Lead emissions from aircraft flying in and out of eastern San Jose’s Reed-Hillview Airport are putting thousands of primarily low-income children at higher risk of permanent developmental issues, a new study has found.
The study, which was commissioned last year by the Santa Clara County Board of Supervisors, analyzed 17,000 blood samples collected in 2011-2020 from children under the age of 18, within a one-and-a-half mile of the airport. lived together. It found that people who lived within half a mile of Reed Hillview had significantly higher levels of lead in their blood than those who lived farther – a difference of about .40 micrograms per deciliter, which is one-tenth of a liter.
According to the study, during the city’s peak water contamination crisis in Flint, Michigan, lead levels ranged from .35 to .45 micrograms per deciliter above normal.
Elected officials and nearby residents, who have long pressed for the airport to close, say the study validates their biggest fear that pollutants from planes that use the airport harm neighborhood residents.
“This very thorough study proves we really have a crisis on our hands,” county supervisor Cindy Chavez, who originally asked for the study, told a news conference. “It’s a public health issue, it’s an environmental justice issue and it’s an equity issue because the people who live around Reed-Hillview are among those who are the least affluent in our community.”
Lead is a neurotoxin that can affect a child’s physical and cognitive development, even at low levels in the blood. Health effects, especially on children up to age 6, may include lower IQ, shorter attention span and academic underperformance. Adults who have fully developed brains have a very low risk of lead poisoning, although pregnant women can pass it on to the developing baby.
At Reed-Hillview, small aircraft flying in and out of the airport run almost exclusively on leaded aviation fuel. Although lead fuel in vehicles was banned long ago by the federal government, the same standard has yet to be set for aviation fuel.
When Reed-Hillview opened in 1939, the 180-acre airport was surrounded by fields and orchards. But in the decades that followed, thousands of homes and about two dozen schools and childcare centers were built almost to the borders of the airport. According to county statistics, the county purchased the airport in 1961, and today more than 52,000 people live within a one-and-a-half mile radius.
As more people moved in and flight operations increased over the years, residents began calling for the airport to be closed, citing lead pollution from the fuel, noise pollution from loud aircraft flying low overhead and Cited a desire to convert valuable land into critically needed housing for the region. .
Gloria Gutierrez-Lechuga, 68, of East San Jose’s Cassel neighborhood, was in tears on Tuesday as she thought about the educational struggles her children would face growing up, fearing that the main risk to her three grandchildren living in the area Can make things even more difficult. .
“I am very disappointed,” she said through a translator. “Why do we have to live with it because we live in a poor area? Our kids haven’t been able to defend themselves and are now only condemned to lead poisoning.”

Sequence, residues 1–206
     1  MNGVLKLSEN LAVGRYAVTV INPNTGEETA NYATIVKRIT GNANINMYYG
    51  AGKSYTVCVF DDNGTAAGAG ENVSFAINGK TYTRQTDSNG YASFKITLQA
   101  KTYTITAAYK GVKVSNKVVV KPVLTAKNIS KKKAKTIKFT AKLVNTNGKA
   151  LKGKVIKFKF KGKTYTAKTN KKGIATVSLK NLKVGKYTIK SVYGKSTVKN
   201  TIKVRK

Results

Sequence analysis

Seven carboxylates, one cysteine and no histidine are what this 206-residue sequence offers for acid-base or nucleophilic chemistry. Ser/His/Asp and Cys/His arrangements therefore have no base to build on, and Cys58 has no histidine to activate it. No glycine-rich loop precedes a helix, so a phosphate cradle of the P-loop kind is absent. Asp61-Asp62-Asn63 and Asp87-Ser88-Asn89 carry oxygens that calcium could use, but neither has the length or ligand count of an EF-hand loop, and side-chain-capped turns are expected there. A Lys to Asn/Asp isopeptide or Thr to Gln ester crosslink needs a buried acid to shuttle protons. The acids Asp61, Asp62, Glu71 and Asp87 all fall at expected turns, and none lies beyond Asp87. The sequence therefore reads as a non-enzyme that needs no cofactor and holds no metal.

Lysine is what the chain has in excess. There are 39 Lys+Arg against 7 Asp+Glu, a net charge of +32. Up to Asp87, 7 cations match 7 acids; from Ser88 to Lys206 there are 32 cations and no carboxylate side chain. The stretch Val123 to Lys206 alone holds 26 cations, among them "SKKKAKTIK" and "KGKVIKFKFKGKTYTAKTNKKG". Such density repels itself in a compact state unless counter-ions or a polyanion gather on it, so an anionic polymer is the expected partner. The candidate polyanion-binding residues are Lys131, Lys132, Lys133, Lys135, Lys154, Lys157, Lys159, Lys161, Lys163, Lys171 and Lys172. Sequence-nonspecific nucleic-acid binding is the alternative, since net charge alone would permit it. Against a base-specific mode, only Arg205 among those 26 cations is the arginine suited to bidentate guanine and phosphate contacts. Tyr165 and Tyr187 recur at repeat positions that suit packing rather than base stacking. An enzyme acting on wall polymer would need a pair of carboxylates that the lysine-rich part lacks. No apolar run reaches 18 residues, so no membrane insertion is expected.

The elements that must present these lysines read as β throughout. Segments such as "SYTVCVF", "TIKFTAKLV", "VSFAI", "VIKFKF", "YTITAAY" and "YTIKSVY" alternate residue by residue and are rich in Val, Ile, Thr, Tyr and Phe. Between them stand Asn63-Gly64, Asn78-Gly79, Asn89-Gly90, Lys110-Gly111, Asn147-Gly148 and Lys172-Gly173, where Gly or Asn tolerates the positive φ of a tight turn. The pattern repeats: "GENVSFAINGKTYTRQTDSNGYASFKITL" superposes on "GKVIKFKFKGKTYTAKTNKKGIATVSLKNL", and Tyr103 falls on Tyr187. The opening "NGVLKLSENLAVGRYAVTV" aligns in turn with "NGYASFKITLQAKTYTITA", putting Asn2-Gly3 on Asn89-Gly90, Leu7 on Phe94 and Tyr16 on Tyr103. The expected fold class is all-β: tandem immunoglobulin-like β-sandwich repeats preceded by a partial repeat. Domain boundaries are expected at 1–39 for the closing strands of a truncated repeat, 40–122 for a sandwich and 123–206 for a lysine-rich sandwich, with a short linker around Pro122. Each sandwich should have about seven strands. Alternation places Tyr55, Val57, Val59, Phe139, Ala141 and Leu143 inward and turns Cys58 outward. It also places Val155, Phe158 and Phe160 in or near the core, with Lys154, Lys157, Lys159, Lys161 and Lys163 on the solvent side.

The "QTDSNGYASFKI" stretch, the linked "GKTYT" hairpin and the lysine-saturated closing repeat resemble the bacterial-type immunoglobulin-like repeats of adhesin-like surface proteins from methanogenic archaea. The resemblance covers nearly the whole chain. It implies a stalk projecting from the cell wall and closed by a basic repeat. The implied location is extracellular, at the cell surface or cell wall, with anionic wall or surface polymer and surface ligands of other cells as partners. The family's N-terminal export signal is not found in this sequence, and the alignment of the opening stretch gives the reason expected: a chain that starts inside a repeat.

Reed-Hillview serves as the home of several flight schools and the aviation program of San Jose State University. Proponents of keeping the airport open say it would be a burden for flight students to drive to San Martin Airport and argue that the county may consider other options to address major concerns.
David Goodin, a private pilot and flight instructor who flies from Reed-Hillview, said county officials could tackle the problem by providing only unleaded fuel at the airport. Although unleaded fuel is not yet widely available, some smaller California airports such as San Carlos Airport have begun offering the product to pilots.
“The county may actually choose to choose the unleaded fuel already available to support their constituents and protect the health and safety of people around the airport, but instead they may want to switch it off immediately because it appears That developers are already interested in developing it,” he said. “That politics as always.”
This isn’t the first time dangerous lead emissions have been flagged at the tiny San Jose airport.
A 2008 study by the US Environmental Protection Agency ranked Reed-Hillview 25th out of 3,414 airports nationwide in the amount of lead emitted annually – an estimated 1,279 pounds. And in February 2020, the EPA reported that Reed-Hillview was one of the few US airports where lead emissions exceeded the national ambient air quality standard.
County leaders took their first steps toward closing Reed-Hillview in December 2018, when they voted to stop accepting new federal grants for the airport that would allow them to close it through 2031. He also hired a consultant to study alternative uses for it. Land.
Then in November 2020, county observers voted to explore the possibility of consolidating Reed-Hillview’s aviation with San Martin Airport about 23 miles southeast. San Martín residents have since spoken out against that proposal, accusing the county of trying to dump Reed Hillview’s problems on them.
Chavez defended the move Tuesday, noting that only 2,000 residents live within a one-and-a-half mile radius of San Martín airport, compared to heavily congested areas of eastern San Jose.
“I think one of the other opportunities we have is to learn from this airport and not allow incompatible land uses to be right next to each other,” Chavez said. ‘ That we need to talk with the San Martín community.